As we have just survived one of the worst flu seasons in recent memory, now is a good time to consider whether you should implement or revise a mandatory flu shot policy for 2018. The Center for Disease Control and Prevention recommends all United States healthcare workers obtain annual flu vaccines. While many healthcare employers implement flu vaccine policies for their employees, it is important that these policies account for employee objections based upon religious beliefs. Federal and many state laws require employers to reasonably accommodate an employee’s religious beliefs or practices unless it causes undue hardship to the employer’s operation of its business.

Last month, the U.S. Department of Justice, Civil Rights Division, filed a lawsuit against a Wisconsin nursing home, alleging that the employer failed to accommodate an employee’s religious beliefs when she requested a religious exemption from the flu-shot requirement. The Title VII lawsuit claims an employee sincerely held a religious belief “stemming from her interpretation of the Bible that prohibited her from putting certain foreign substances, including vaccinations, in her body because it was a ‘Holy Temple.’” The complaint alleges that while the employer’s policy allowed for religious exemptions (employees could wear protective masks during the flu season instead of receiving the shot), it required employees to produce a “written statement from their clergy leader supporting the exemption with a clear reason and explanation” of the religious objection to the vaccination. Employees who did not receive the shot or produce the clergy letter were considered to have voluntarily resigned employment.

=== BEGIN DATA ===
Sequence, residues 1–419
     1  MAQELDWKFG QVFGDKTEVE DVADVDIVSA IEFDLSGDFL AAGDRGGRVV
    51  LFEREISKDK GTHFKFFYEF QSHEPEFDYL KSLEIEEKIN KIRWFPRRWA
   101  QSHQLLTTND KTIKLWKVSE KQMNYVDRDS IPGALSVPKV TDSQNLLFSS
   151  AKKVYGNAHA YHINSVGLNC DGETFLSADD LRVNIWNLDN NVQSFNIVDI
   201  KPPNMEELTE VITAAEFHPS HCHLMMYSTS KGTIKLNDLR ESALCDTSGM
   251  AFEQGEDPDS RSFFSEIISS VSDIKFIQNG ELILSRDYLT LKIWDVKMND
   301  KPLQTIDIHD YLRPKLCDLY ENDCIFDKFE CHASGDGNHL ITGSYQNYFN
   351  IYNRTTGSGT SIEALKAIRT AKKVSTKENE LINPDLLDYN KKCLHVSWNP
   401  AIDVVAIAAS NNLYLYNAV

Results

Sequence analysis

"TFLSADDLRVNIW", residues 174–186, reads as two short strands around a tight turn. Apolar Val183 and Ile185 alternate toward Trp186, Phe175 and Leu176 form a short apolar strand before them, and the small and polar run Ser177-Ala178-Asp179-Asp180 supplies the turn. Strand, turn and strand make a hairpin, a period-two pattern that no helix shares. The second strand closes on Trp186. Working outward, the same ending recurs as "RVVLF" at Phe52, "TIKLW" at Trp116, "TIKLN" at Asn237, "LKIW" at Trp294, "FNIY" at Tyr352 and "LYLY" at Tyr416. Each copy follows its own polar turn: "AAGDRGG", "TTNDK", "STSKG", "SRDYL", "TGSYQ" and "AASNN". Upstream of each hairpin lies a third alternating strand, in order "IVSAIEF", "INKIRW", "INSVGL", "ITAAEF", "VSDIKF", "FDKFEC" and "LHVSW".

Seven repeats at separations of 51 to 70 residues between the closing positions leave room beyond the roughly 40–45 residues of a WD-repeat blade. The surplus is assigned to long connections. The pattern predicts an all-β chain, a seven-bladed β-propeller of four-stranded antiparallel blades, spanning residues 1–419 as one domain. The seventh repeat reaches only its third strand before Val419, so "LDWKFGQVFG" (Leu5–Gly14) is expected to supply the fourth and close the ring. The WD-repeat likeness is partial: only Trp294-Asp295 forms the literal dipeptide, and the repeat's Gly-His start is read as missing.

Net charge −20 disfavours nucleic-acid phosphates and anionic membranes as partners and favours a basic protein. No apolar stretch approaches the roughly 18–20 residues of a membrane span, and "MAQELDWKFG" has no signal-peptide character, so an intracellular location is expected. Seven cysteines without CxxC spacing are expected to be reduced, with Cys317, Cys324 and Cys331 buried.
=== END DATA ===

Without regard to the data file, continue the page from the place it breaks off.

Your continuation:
The employee in this case explained she could not provide a letter “because she had no affiliation with any church or organized religion and therefore had no clergy leader to write the letter,” and offered to write a letter herself “that explained the Bible-grounded basis for her religious objection and cited specific Biblical passages in support,” and have family and friends “personally attest to the sincerity of her religious faith and practices.” According to the allegations in the lawsuit, when the employer refused to accept this alternative to a clergy leader letter, the employee submitted to the flu shot and now reports “severe emotional distress” including “fear of ‘going to Hell’ because she had disobeyed the Bible by receiving the shot.” The DOJ argues that requiring a letter from a clergy leader to support the exemption constitutes religious discrimination and an unlawful failure to accommodate the employee’s sincerely held religious belief.

In addition to religious-accommodation issues, unionized employers may face other hurdles to implementing or changing a flu vaccine policy. Depending on the language contained in the collective-bargaining agreement, there may be an obligation to bargain with the union over flu shots before making them a new condition of employment.